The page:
Seeing China in Africa Through the Lens of South Sudan
China’s substantial investment in Africa’s development is controversial, with pundits and scholars keen to speculate on what is driving this spending spree. Moreover, it is unclear what the implications of this resource infusion will be for average citizens and elites in African countries. Many analyses to date look at this in broad, global terms. In this post, I take a step further, extrapolating Yun Sun’s framework for understanding China’s foreign policy in Africa to a case study of how its relations have evolved with South Sudan.
Sun, a Visiting Fellow with the Africa Growth Initiative at the Brookings Institution, has described China’s foreign policy in Africa as oscillating between four pillars – political, economic, ideological and strategic – since the 1950s. Politically, China seeks increased influence in multinational organizations and a firm commitment to the “One China” policy. Economically, China wants to secure natural resources and expand markets for exports. Ideologically, China wants to legitimize and popularize its own development model by promoting growth abroad. Strategically, Beijing seeks to develop the capacity to project force abroad in order to protect its citizen and capital throughout the continent.
China’s initial engagement with Africa was built around ideological solidarity with socialist regimes and competition against Taiwan for diplomatic recognition. In the 1990s, when Chinese elites began promoting investment abroad after two decades of internal economic reforms, the country’s priorities shifted to expanding access to new markets that would fuel its domestic growth. While China has been successful in deepening economic ties with African countries, many of its business practices have soured its relationship with some African elites and the public along the way. In her final analysis, Yun predicts that China will continue to prioritize short-term economic gains in Africa over long-term strategic partnerships.
South Sudan's President Salva Kiir with China's former President Hu Jintao at a welcoming ceremony in Beijing, China. Courtesy image: The Guardian (Adrian Bradshaw/EPA)
Building on Yun’s analysis, I see China’s evolving policy for engaging with South Sudan as an interesting case study for whether Beijing will be able to reconcile its disparate interests into one cohesive foreign policy. China faces an intractable political dilemma in its support of South Sudan. If it abandons the Kiir regime, it may jeopardize relationships with other autocratic governments who count on China’s protection in multinational organizations. However, if Beijing continues supporting the pariah state it will face ridicule from the international community. Moreover, China must balance the investments of Chinese corporations against the reputational costs of abandoning its policy of non-interference in another country’s internal affairs.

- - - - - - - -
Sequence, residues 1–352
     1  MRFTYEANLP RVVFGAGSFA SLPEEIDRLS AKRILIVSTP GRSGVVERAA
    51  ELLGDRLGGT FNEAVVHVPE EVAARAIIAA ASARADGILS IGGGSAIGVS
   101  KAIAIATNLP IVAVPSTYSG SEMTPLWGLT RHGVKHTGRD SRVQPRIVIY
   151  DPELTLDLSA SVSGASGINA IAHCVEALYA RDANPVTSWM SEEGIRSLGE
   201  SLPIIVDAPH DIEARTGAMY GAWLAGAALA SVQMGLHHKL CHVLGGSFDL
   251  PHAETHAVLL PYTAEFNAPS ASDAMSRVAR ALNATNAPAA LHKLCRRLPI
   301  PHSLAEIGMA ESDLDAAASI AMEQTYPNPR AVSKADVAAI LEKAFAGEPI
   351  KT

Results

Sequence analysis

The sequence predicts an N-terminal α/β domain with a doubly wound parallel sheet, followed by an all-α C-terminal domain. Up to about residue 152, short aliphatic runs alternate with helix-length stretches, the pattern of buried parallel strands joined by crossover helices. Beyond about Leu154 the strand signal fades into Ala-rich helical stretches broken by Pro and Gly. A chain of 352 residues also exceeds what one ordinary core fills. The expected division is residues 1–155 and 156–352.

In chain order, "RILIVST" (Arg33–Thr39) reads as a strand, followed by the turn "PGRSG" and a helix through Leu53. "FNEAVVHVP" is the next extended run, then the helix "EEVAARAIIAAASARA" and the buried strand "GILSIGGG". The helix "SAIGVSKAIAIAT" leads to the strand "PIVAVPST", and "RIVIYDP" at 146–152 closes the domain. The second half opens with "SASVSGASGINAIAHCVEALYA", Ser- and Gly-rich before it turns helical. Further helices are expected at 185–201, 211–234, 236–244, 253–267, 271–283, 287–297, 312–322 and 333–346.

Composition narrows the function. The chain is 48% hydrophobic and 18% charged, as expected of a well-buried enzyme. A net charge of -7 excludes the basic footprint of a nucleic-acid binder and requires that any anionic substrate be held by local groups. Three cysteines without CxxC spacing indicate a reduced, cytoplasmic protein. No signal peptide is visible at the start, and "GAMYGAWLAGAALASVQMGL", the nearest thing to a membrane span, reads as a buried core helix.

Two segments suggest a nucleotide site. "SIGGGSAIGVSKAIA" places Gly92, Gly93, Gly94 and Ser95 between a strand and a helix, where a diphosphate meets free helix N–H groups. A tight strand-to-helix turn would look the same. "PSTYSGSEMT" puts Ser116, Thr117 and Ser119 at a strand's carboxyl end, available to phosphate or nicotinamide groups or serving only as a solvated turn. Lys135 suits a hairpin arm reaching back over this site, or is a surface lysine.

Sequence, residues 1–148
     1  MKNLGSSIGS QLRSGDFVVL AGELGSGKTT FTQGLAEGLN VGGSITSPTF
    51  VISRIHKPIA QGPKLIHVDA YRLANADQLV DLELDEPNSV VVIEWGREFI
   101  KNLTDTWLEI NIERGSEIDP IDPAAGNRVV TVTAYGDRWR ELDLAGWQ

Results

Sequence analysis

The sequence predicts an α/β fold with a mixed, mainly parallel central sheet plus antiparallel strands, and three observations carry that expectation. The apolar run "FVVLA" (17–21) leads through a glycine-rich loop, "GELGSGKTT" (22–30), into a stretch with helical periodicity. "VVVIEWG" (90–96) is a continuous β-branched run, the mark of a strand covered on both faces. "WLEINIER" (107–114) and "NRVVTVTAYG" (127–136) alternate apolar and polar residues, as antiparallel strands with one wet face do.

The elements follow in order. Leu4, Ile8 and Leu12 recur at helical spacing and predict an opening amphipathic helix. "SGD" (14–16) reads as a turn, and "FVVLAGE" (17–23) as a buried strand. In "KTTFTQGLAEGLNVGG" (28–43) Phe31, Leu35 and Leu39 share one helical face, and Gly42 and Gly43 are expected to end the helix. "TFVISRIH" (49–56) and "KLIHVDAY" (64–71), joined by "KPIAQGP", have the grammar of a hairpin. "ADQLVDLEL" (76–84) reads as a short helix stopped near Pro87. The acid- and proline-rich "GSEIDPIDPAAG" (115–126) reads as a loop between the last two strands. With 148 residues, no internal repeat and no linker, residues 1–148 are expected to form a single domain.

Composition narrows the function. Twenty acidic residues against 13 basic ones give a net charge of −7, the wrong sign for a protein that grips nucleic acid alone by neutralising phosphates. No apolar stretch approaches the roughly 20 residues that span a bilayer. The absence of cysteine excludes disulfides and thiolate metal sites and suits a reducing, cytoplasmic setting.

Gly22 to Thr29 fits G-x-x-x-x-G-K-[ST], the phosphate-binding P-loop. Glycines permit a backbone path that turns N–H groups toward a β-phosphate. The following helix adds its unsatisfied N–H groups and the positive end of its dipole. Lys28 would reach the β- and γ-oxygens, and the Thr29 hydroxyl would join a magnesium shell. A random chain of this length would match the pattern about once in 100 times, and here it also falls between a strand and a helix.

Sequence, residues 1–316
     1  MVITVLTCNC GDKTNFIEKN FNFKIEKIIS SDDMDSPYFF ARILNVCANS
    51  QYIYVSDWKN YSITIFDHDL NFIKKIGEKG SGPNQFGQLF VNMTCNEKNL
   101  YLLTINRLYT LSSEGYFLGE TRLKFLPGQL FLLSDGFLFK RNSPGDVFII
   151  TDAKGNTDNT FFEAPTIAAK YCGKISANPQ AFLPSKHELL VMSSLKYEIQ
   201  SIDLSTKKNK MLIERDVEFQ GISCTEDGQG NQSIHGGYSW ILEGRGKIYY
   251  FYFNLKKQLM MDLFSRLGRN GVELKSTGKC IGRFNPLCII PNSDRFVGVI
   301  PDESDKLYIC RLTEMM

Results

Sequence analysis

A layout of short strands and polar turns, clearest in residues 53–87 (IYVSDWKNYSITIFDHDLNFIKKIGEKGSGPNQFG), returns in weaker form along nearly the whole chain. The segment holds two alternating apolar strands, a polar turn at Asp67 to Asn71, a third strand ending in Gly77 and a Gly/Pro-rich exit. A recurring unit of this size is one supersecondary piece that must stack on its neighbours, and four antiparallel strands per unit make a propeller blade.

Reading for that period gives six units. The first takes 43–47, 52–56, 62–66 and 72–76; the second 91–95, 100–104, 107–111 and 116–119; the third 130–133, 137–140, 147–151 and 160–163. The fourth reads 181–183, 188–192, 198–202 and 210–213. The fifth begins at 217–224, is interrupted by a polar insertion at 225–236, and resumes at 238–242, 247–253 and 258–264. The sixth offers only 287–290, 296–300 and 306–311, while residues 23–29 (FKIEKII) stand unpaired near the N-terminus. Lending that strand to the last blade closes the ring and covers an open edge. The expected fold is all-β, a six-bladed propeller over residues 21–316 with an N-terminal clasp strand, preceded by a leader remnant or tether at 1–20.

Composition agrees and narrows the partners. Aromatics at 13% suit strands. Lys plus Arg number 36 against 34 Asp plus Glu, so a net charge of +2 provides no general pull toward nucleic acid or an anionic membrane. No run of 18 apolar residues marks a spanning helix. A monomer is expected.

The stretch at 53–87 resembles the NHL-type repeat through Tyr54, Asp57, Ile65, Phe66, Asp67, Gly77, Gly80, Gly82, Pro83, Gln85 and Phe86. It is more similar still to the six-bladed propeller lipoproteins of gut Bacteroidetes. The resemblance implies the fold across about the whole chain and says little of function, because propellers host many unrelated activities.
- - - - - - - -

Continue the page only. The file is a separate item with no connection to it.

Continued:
China’s increasingly active role as a bilateral mediator between the South Sudanese factions suggests that Beijing is moving away from its non-interference policy and toward a more flexible foreign policy. China’s role in the United Nations has also taken a turn in recent years. Before 2004, China used its position in the UN Security Council to obstruct international intervention in Darfur. Since 2011, however, China has played a major role in UN peacekeeping operations in South Sudan. When internal conflict between the rebels and President Kiir’s regime became a threat to the China National Petroleum Company’s investments in South Sudan, China stepped in as a mediator between factions.
The way in which China addresses the growing unrest in South Sudan will set an important precedent for its engagement in Africa over the next decade. China has already begun evacuating its citizens from South Sudan, but it does not have a way of protecting its substantial investments in the region from the violence. Although China lacks the capacity to execute a unilateral military intervention in the region, it may push the UN Security Council to intervene.
This would be a strong signal that China’s increased economic engagement with the continent is pushing it to move away from its old ideological tenets and toward a more flexible and pragmatic approach to foreign policy built around economic relationships. Conversely, if Beijing decides to abandon the South Sudanese regime and rely on other oil exporters, it will indicate that Chinese elites are working to reconcile their economic goals with their established ideological norms and political interests.
Charles Perla is the Junior Program Manager for AidData's Tracking Under-reported Financial Flows initiative.